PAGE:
“ZS: And it goes beyond illness. Stephen also works with immigrants who have just arrived in Canada, victims of violence — there’s a whole spectrum of people. That’s what makes his job really interesting and challenging; he has to figure out what artworks are going to help patients and edge them toward a deeper understanding of themselves.”

More here.

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Photos: MOCA Cleveland
This museum is experimenting with new ways to be more inclusive, including free admission.

I’m impressed by the museum in this story because it has free admission every day in order to be more inclusive. Very unusual. The big museum where I live, Boston’s MFA, has one free day. It does have decent student hours, but it’s prohibitively priced for families on most days. Cleveland is going to have to raise a lot of money from grants.

Sarah Douglas writes at ArtNews, “If there is one word that has been on the agendas of almost every American art museum in the past few years, it is inclusion: How do institutions make diverse audiences feel welcome? The Museum of Contemporary Art Cleveland [has] announced a comprehensive plan to infuse inclusiveness into the museum on a structural and programmatic level.

“The five components of the initiative, which is called ‘Open House,’ are free admission for all, the creation of a diversity-focused curatorial fellowship (the first recipient is LaTanya Autry, who has held curatorial positions at the Yale University Art Gallery and the Mississippi Museum of Art), an engagement-guide apprenticeship program, enhanced onsite programming for families and teens, and the addition of an education specialist. …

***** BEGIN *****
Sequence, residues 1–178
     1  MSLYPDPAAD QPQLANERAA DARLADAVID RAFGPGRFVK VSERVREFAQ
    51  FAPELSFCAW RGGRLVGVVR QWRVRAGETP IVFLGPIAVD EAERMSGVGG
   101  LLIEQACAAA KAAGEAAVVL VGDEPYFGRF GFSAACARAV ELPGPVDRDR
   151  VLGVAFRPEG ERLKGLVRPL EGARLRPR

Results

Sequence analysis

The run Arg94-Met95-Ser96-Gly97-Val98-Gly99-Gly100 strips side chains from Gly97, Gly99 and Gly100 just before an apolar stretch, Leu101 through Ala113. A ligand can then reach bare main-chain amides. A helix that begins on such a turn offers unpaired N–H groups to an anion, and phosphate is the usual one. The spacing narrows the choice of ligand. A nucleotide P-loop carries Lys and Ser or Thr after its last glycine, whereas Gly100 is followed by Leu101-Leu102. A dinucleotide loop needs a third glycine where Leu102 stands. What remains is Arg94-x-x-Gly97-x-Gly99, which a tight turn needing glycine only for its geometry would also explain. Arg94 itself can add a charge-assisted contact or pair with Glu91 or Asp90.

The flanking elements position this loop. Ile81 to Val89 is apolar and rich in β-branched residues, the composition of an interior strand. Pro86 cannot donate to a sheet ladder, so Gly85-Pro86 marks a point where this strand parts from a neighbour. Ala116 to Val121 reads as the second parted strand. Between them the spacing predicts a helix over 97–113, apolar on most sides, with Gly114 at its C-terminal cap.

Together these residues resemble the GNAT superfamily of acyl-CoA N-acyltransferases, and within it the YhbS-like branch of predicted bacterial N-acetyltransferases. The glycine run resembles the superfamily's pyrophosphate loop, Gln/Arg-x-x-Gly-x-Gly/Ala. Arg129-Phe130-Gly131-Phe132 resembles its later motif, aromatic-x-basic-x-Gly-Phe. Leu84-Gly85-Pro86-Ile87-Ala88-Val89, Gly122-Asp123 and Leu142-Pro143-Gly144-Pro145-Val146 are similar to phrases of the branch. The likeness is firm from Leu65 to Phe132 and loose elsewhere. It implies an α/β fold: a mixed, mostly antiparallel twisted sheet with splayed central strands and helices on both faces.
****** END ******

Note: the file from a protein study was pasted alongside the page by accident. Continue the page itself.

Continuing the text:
“Jill Snyder, who has led the institution as its Kohl Executive Director since 1996, [says,] ‘We are taking what we hope is a noble approach that has a high quotient of humility, which is that we are really listening to what is going on in our community.’ …

“The museum’s lead investment in ‘Open House’ is the result of being the first recipient of a brand new grant from the Carl & Marilynn Thoma Art Foundation called ‘Bold Initiatives,’ which gives $500,000 over three years to small and mid-sized institutions to enact comprehensive plans that affect outreach, diversity, and inclusion. …

“One of the components of Open House, the engagement-guide apprenticeship program, which the Thoma Foundation grant is supporting, gets to what Snyder refers to as the integration of ‘welcoming, collaborative practices into every aspect of our business.’ The museum is creating a cohort of 10 to 12 part-time positions, with hiring based on the diversity ratio of Cuyahoga County, and will mentor these hires in visitor services, guarding art, and how to talk about art. It will be designed like a fellowship program, and the hires will be given board mentors and guided as to how they can apply their new skills elsewhere. Snyder describes it as workforce training in the cultural sector. …

“ ‘We set about defining initiatives moving toward our 50th anniversary in claiming that this idea of a Kunsthalle in the Midwest had a specific meaning,’ Snyder said. … ‘We saw that with artists, that what they were doing was not mediated through an art-world ecosystem, because we don’t have that here. There is no proliferation of galleries, collectors, and art criticism — those filters. So there is a more direct engagement between artist, museum, and community.’ …

“Open House [is] meant ‘to lower barriers to entry and to work on inclusion and accessibility. Even if we get people in the door, how do we make the encounter with new art rewarding?’ ” asks Snyder. That will be the ongoing challenge, but Cleveland is up for it.

Read more at ArtNews, here. Meanwhile, in San Francisco, museums offer free admission this summer to people on public assistance. And then, there’s this about a gift to the Los Angeles Museum of Contemporary Art that will allow for free admission.